You talked about your family’s reaction to your smoking. At any point in the past, did you tell your doctors you were using it to help? 

Always. I’m very upfront, honest, and open with my life. I never felt the need to not tell anybody. I didn’t feel like I was doing something wrong because I knew how sick I was and how my body was. I didn’t care. My doctors 100% backed me up. They were like: “If it helps you, do it.”

I have my family doctor, Dr. Friedrich, who said: “If I wrote scripts, I’d write you one in a minute.” He said years ago, “If it were legal here, I would certainly help you.” Other doctors too. My physical therapists, occupational therapists—they all supported me.

It’s definitely different now than it was; things are really changing. Five years ago, I was a little skeptical talking about it. When the film came out in 2013, I was scared of talking about it, but I did put it in there. I’m glad I did that because I knew it was coming—the revelation was coming. Five years from now, it’s probably going to be no big deal.

Backing up just a little, you said your mother wasn’t supportive of your smoking at first. In your opinion, how did marijuana get such a negative perception?

It was—and is still—a gateway drug for people and for children. I don’t think it is something just for anybody. I think it’s something that people need to try and look into. It may not work for some people. Everybody is different.

I feel for the majority of people that are suffering, or that have some sort of disability—even mental disability like depression, a form of ADD—it’s worth looking into.

My mom knew that I was using it to help with my pain and manage my daily life living with CMT. She was okay with it, but she wasn’t thrilled. But now it’s like a whole different story. She’s excited how good I’m responding to the oils, and I’m able to try specific things.

I know exact sativa and indica, and which ones work for me—also, the wax, oil, or flower. There’s a lot of different ways you can consume it and so many cool ways for me to explore the medicine.

So it sounds like your push for it is rooted in its medical availability. What is your stance on it being available recreationally?

Obviously, I would love to see it go recreational. I think then it will take the stigma away from it. I feel like it won’t be as much of a gateway drug if it’s not seen as badly—like “this is so bad.”

I’m disabled, and I see and hear so many people and disabled community friends that suffer. My main concern is first—getting the disabled community off opiates and trying to help people that are in rehab for being drug addicts. They’re known for being drug addicts because they had surgery for a debilitating illness that’s not their fault.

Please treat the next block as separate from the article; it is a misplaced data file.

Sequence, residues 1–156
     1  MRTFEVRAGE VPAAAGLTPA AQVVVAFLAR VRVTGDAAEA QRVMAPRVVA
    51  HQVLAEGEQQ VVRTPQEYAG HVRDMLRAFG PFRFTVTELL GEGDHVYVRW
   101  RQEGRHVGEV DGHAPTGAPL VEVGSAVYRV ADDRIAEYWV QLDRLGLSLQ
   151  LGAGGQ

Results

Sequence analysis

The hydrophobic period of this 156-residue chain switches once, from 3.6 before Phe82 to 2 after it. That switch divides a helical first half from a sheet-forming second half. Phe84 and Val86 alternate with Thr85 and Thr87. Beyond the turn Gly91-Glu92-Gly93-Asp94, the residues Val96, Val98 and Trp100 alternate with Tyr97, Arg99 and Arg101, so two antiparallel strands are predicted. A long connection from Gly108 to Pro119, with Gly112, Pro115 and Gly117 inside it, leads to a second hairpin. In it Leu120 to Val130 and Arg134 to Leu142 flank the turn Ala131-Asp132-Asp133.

Recreational will be great, and I think it will happen. But the medical part is what I’m focused on and what is more important to me.

What do you think about the process by which it’s being legalized? Is it okay going state-by-state, or should there be a federal ruling?

It sucks. I can’t travel with it, and it’s weird that I can cross over a border and get arrested. However, I’m more of an optimist. I look at the glass being fuller. When I see states saying “Yes, we vote in favor of medical marijuana,” that to me, is a positive step in the right direction because, eventually, it’s going to be all of [the states]. They’re getting there.

Pennsylvania began permitting medical marijuana under Governor Wolf in April of 2016, but it took until February of this year for it to actually become available. Is that too long? Is there an easier way the state could have managed the roll-out? 

Of course, it’s too long, but what am I going to do? I know there are people fighting for that, but I’m like: “At least it’s coming.” That’s how I look at the world. It’s coming and going to take some time, but the flower has to grow. I get that. It takes time to establish a business—especially something like this that could make billions of dollars—and grow farms. It takes time. You can’t force a plant.

Do you see the current polarized state of the United States Congress standing in the way of marijuana’s legalization process?

People already are: Jeff Sessions for example. Although, I don’t think Trump really cares. I think he knows there are other things to worry about and would sign a bill. I think eventually, a president in Washington will get over it, listen to the people, and hear the benefits.

Every week I read something about how medical marijuana has helped more and more patients and how the ratio of people getting off opiates is going up in states that have medical marijuana. I think it’s going to help a lot of people.

That’s all I have. Thank you for joining us.

Thank you.